Food allergies affect around 15 million Americans and many more all over the world. According to the CDC, the food allergy has increased by almost 50% from 1997 to 2011, which is almost triple for peanut and tree nut allergies. Food allergies are serious and can lead to life-threatening complications. Each year more than 200,000 people require emergency care due to a reaction to food allergies.
Food allergies have reached an epidemic proportion. Waiting for a specific drug to cure all the allergies is not an option, and we cannot wait for it. Customized food allergy treatment has been well researched and has given positive results. Oral immunotherapy (OIT) is the only treatment modality for food allergies.
How effective is OIT?
OIT refers to feeding a person an increasing amount of allergic food with the goal of increasing the threshold that triggers allergic reaction or symptoms. The aim is to provide protection against accidental consumption of the allergen.
Efficacy and success of OIT in clinical trials has been defined by the initiation of a desensitized state. Desensitization refers to the improvement in the allergic reaction outcomes after therapy and depends on the ongoing exposure to the allergen. Milk, egg and peanut OIT has shown to desensitize around 60 to 80% of kids.
How food allergies affect children’s wellbeing?
Children with food allergies have a significant increase in anxiety, stress and depression. Avoidance of food can further lead to poor nutrition and social isolation. The quality-of-life score for a child with a food allergy is lower than the score for a child with type-1 diabetes.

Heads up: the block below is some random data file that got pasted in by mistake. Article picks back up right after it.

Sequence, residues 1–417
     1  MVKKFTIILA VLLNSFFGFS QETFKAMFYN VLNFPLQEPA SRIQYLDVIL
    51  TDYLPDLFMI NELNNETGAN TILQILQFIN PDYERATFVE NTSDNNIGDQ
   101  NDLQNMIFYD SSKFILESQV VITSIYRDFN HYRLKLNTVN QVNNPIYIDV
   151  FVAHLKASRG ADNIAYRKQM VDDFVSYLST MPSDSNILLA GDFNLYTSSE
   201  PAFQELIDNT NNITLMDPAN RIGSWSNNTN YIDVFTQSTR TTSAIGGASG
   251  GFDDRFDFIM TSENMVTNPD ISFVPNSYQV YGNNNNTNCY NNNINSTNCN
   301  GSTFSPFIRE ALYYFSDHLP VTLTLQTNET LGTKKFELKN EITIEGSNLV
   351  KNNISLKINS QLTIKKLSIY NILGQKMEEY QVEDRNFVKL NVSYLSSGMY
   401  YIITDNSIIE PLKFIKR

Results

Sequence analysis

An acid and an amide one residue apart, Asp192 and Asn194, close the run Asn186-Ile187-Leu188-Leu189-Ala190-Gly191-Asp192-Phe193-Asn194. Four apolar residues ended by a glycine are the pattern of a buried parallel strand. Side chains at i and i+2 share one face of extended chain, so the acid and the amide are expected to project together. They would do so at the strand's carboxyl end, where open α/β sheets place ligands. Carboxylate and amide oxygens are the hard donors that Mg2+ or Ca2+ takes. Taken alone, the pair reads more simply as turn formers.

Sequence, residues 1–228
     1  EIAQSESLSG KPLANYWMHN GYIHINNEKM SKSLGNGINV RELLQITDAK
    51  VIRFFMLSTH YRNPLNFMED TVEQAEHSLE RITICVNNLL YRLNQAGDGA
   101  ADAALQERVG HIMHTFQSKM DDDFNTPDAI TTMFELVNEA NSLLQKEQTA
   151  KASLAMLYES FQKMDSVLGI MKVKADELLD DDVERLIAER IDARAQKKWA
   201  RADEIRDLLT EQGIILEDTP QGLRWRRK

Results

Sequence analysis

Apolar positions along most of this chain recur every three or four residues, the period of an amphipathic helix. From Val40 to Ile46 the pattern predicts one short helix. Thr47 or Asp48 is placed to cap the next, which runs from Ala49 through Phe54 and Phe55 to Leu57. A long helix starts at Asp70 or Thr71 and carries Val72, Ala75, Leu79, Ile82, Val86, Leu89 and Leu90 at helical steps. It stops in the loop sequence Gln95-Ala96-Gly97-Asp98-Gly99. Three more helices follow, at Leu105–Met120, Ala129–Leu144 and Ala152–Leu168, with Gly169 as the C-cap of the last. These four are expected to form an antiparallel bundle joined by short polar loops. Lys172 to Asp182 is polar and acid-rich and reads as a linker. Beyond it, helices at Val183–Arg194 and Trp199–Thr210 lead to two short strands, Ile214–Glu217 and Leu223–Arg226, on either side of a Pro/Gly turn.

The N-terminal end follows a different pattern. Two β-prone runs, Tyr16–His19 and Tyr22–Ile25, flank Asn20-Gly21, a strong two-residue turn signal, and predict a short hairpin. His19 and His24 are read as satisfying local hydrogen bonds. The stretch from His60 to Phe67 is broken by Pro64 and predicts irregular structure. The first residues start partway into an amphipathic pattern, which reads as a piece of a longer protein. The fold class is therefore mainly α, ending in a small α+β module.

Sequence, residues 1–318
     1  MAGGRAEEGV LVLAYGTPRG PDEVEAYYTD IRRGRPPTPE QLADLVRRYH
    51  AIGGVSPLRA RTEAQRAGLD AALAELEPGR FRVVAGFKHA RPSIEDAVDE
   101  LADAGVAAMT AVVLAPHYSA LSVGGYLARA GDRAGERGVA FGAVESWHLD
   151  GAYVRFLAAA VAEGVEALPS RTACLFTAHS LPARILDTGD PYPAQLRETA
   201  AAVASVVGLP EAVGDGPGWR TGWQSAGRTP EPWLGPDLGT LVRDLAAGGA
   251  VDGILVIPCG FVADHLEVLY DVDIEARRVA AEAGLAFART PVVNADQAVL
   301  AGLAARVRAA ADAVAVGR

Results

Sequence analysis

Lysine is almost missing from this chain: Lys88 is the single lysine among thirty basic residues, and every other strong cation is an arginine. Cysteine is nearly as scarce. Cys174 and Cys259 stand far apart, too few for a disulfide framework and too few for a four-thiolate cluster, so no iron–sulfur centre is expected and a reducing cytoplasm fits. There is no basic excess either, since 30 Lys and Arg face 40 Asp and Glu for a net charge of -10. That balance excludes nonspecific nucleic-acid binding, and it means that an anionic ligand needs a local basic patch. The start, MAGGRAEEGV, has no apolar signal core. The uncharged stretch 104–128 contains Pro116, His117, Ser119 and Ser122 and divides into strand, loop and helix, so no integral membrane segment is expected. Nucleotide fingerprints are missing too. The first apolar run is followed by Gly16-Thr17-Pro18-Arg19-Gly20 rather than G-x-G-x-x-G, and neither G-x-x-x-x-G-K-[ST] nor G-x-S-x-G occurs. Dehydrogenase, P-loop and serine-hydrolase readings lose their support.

Traditionally, people with food allergies were advised that the only option for treatment is to avoid the allergic food and manage reactions that may occur due to accidental exposure. This is not only very difficult but it also provokes stress and anxiety for the patients and their families. It is particularly very challenging for the children who start attending school, day care, and birthday parties. Many scientists are working hard to find more effective ways to treat food allergies. However, one strategy that has given positive results is Oral Immunotherapy or OIT.
Point to remember!
OIT is not a curative therapy! Individuals who get OIT should continue to carry epinephrine, read food labels, etc. You should not expect that OIT will lead to ingestion of a particular allergic food without any limitations.
However, OIT is an ongoing investigational treatment method, offering the hope of cure and protection from food allergy reactions. Like other chronic diseases, food allergy treatment can not be “one size fits all” approach.
Talk to your board-certified allergist if you want to consider OIT for yourself or your child. It can not only improve your quality of life but also reduce your day to day stress and anxiety. An allergist can provide guidance and counsel you about the benefits and risks of OIT.